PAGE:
Player Grades: Edmonton Oilers Lead, Lead, Lead Again, But Can\'t Stave Off Hungry Sharks

One night after the Edmonton Oilers held an opponent to a single goal but couldn’t score, they managed to hit the back of the net three times, only to allow four. The 2017-18 season in microcosm. 

The Oilers spent 35 minutes trying to overcome a one-goal deficit in Calgary, but could only hold a trio of one-goal leads for a combined 15 minutes against the persistent San Jose Sharks, who battled back, back, and back again before taking their only lead of the night to end the game in overtime. Three times the Oilers scored early in a period only to have the Sharks tie the score by mid-frame each time.

In addition to their own three goals, Edmonton had plenty of chances to score a few more. They had seven odd-man rushes and failed to convert a single one of them, while the Sharks twice converted a 2-on-1, with old Oiler killer Logan Couture making the telling pass each time. Couture also scored the game’s lone powerplay goal on one of four San Jose PPs, while the Oilers only had one such all night long, and that for barely a minute. Same old, same old for the club that lags a distant 31st in the NHL in powerplay opportunities despite having the league’s top foul magnet in Connor McDavid. File it under unsolved mysteries, serial crimes division.

While the Sharks outshot the Oilers 40-28, this was a close game by scoring chances, as judged by The Athletic‘s Jonathan Willis along with the Cult of Hockey‘s own David Staples. San Jose held a slim 20-19 advantage overall and the clubs dead even at 11-11 in Grade A chances (>log

and >summary

). Fitting then that the game would go to the extra period, where a single mistake/opportunistic play would decide things. 

Postgame podcast

The Edmonton Oilers lost another close game, this one in overtime to the San Jose Sharks, but there were a few positive notes, such as Ryan Nugent-Hopkins on McDavid’s wing. David Staples and Bruce McCurdy of the Cult of Hockey dig into the game, as well as a RNH for Mike Hoffman trade rumour.

Player grades


#2 Andrej Sekera, 4. A quiet night, mostly spent chasing the puck; shots were 3 for, 9 against during his 15½ minutes at evens. Did make one quality play at the offensive blue line to keep the puck in and set up a scoring chance.

#4 Kris Russell, 3. Similar shots results as his partner Sekera. Was part of the screen that complicated life for Al Montoya on the Sharks’ powerplay goal. Was also part of the sequence of pain — literally — on the 3-3 goal, when he (unnecessarily, in my view) threw his already sore left hand in front of a shot that would have been better left for his goaltender, reinjured the hand, and enabled the reset that led to the scoring shot. Went down the tunnel and didn’t return.

#6 Adam Larsson, 7. Played a rock solid game, logging an even 25 minutes in ice time including 3:39 on the penalty kill. Led the defence corps in shot attempts (5), blocks (4) and hits (3) while finding time to take a couple of pounds of flesh from Evander Kane, who had drawn the ire of Oilers fans with a dangerous-but-uncalled hit on Matt Benning last time these clubs met. Larsson’s sneaky-dirty crosscheck of Kane in the third period repaid that debt.

#13 Michael Cammalleri, 4. Back in the bottom six on a makeshift line with Strome and Pakarinen. That group generated poor shot shares, while Cammalleri himself generated next to nothing personally (no shots on goal). He did his best work on the defensive side of the puck, notably a nifty steal on the backcheck against Chris Tierney to thwart a 3-on-1. But he has now gone 31 games without a goal. His new theme song should be Tool’s “Forty Six & 2”, given his overall stats as an Oiler: 46 GP, 2 goals.    

#16 Jujhar Khaira, 5. His line with Caggiula and Kassian also got smacked around by flow-of-play counts (3 shots for, 10 against during his nearly 13 minutes). They did have some good moments, especially early in the game. Khaira himself picked up an assist on Caggiula’s goal. Played a heavy game, finishing his checks (6 hits) but was unable to generate any shots and went just 3/10=30% on the dot. Strong on the penalty kill. His game is becoming more detailed and complete by the week.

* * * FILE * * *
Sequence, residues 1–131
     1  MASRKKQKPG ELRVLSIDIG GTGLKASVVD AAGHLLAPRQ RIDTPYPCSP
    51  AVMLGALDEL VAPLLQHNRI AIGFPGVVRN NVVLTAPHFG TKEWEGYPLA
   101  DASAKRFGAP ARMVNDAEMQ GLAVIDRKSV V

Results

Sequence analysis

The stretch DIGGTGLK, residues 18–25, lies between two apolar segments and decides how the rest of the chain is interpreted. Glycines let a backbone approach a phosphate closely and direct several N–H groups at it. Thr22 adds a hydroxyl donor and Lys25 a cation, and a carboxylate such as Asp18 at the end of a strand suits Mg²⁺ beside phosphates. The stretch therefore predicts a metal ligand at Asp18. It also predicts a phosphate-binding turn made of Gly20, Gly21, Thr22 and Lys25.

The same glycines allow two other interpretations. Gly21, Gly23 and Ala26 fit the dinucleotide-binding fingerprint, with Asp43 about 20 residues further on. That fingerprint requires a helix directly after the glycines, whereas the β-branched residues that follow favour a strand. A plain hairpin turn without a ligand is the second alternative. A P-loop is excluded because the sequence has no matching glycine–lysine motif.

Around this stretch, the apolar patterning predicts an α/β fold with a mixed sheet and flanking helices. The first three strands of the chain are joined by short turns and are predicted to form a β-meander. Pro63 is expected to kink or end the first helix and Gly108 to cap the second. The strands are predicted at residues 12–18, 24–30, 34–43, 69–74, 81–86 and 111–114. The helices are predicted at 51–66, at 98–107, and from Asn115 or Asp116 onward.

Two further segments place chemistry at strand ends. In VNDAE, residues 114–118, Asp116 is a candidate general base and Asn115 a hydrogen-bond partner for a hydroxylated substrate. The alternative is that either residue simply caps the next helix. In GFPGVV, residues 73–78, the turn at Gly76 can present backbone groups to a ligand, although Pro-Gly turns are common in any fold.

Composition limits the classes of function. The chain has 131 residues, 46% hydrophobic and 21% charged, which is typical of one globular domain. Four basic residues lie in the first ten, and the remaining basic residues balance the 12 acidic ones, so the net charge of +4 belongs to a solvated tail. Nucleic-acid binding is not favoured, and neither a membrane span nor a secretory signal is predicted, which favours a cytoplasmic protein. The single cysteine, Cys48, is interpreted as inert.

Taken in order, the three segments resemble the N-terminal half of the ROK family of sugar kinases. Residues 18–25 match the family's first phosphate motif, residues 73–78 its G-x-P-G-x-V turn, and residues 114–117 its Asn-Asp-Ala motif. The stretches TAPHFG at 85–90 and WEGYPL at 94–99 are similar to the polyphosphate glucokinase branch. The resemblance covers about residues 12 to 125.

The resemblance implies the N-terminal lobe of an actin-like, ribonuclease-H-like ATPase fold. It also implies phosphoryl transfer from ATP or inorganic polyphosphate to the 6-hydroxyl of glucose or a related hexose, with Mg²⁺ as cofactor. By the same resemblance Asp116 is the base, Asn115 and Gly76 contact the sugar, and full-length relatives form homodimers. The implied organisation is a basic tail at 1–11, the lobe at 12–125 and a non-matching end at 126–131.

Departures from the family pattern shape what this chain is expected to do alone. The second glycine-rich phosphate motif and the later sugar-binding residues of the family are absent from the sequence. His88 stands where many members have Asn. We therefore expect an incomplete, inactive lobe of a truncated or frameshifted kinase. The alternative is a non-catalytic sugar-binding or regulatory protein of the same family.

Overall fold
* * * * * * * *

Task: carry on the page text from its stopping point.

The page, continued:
#18 Ryan Strome, 5. Had a pair of glorious chances but couldn’t finish either, ringing iron on a 2-on-1 in the third, then getting robbed by Martin Jones after a superb set-up by RNH in overtime. Took an extra split second to get the shot away and Jones took it away from him. 5/11=45% in the faceoff circle, and simialrly just below the water line on various flow-of-play metrics.

#25 Darnell Nurse, 6. Played a monstrous 26:19 on the top pairing with Larsson, finishing the night +1 with a clean sheet on the defensive side of the ledger. 4 shots, plenty of skating.

#26 Iiro Pakarinen, 5. Played 10 minutes at evens, much of it in saw-off mode (just 2 shots for, 4 against, and no goals by either team). Did have one ugly neutral-zone turnover early, but did some sterling defensive work right in his own goal crease to help stave off the subsequent flurry. 2 shots, 2 hits, and a couple of clearances on the penalty kill. Made a terrific pass to Strome for a good shot, drove the net for the rebound only to be stone-cold robbed by Jones.

#27 Milan Lucic, 4. Made some things happen with seveal good scoring chances but remained snakebitten around the cage. Hit another post on what appeared to be an open net, and failed to beat Jones on a couple of other great chances which were less than they might have been due to a slow release. Had 8 shot attempts, 4 on net, to lead the team in both categories. Added 4 hits. But his bottom line was all-too-typical for his play throughout 2018: 0-0-0, 0 PiM, -2. Make it 23 GP, 1-1-2, 4 PiM, -18 (dash-eighteen!) since January 20. His slow coverage on the Brenden Dillon’s point shot was a big part of the problem on the 3-3 goal.  Some good signs, especially in a solid opening period, but he needs to find a way to cash.

#29 Leon Draisaitl, 2. Not all bad, but mostly bad. Let’s start with the obvious: he was on the ice for all 4 San Jose goals and none by the Oilers. While he did chip in to 6 Oilers scoring chances on the night, he was culpable on 8 against, a lousy number, including direct involvement in all 4 of those goals against. Led the Oilers with 3 giveaways, a bad one leading directly to the first Sharks counter. Had another fine night on the dot (12/17=71%) but lost a key draw on the PK that led directly to a goal. Failed to fill the shooting lane and contributed to the screen on Montoya on the 3-3 goal, seconds after he had failed to get a pass through on a 2-on-1 at the other end. Finally, turned the puck over inside his own line on the game winner (officially, a takeaway by eventual goal scorer Tomas Hertl, but a key battle lost however you slice it). “2” is a harsh grade for his overall performance but the bottom line is results, and Leon’s were dreadful in this contest.